luxury real estate toronto

Toronto ranked hottest luxury real estate market in the world

Toronto has been ranked the hottest real estate market in the world, according to Christie’s International Real Estate’s fifth annual luxury real estate report.

According to the report, the growth of the luxury real estate market was relatively flat in 2016, but many of the hottest, or fastest growing real estate markets in world, were in Canada. On average, Christie's defines luxury properties as homes with a starting price of $2.1 million.

In terms of the top performing luxury markets (the Luxury Index), Hong Kong took the number one spot, while Toronto ranked ninth. But we faired better on Christie's Luxury Thermometer.

"In contrast to the Luxury Index, which evaluates overall prices and relative “luxuriousness” of a market, the Luxury Thermometer rankings evaluate both growth and demand, and answer the elusive question: 'Where is the world’s hottest luxury housing market?'" reads the report.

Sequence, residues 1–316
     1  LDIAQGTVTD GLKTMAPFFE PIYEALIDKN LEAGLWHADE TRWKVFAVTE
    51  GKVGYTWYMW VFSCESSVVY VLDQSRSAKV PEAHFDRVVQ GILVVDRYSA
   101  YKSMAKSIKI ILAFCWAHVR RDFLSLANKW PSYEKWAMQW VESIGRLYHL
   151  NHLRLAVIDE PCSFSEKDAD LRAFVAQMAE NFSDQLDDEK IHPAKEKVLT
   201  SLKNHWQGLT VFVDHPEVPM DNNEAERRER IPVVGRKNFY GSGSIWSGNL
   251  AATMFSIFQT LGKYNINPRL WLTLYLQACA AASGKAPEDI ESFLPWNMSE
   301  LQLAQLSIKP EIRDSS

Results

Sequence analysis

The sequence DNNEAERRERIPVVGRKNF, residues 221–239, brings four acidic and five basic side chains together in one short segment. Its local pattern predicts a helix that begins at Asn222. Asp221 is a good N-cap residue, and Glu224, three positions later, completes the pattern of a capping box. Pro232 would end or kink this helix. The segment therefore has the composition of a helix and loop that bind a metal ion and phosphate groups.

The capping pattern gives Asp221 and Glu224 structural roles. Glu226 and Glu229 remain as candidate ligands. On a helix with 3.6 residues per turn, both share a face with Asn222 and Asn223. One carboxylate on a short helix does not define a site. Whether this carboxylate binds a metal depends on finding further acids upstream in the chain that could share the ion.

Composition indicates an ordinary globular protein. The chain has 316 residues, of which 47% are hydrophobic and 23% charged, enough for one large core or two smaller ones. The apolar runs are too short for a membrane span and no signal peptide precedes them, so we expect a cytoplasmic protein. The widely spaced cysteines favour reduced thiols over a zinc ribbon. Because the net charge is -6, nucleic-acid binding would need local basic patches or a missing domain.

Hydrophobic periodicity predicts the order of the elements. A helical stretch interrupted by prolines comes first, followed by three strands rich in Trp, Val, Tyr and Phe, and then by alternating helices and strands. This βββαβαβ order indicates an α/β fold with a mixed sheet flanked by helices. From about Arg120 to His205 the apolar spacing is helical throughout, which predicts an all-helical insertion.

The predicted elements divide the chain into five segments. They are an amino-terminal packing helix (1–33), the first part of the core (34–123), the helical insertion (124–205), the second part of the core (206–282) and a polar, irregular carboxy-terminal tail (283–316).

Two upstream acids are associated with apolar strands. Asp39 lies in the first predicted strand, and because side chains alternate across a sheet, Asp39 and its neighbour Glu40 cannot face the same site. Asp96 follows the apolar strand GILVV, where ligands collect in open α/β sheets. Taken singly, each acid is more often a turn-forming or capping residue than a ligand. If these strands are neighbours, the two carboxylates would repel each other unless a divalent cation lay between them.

The answer: Toronto. "Already-hot prime property market Toronto soared to the top of this year’s Luxury Thermometer rankings, with almost double the number of million-dollar-plus sales recorded versus the previous year," says the report. Victoria ranked second

This shouldn't be too surprising considering the state of our local market in 2016. It'll be interesting to look at how we fair in next year's report once the Fair Housing Plan is in place.

Lead photo by

120 Inglewood Drive


Latest Videos



Join the conversation Load comments

Latest in City

Ontario's controversial new highway could face long delays

Toronto tourist attraction gets dragged into viral video that suggested discrimination

It was pure chaos on the TTC after subway shut down due to mechanical issues

Toronto Star owners are feuding and hefty job cuts could be on the line

Ontario just increased its minimum wage by 50 cents

10 notable businesses that closed in Toronto last month

Breathtaking new Toronto office tower opens space dedicated to Indigenous history

UP Express riders in Toronto are angry about long lines and cramped trains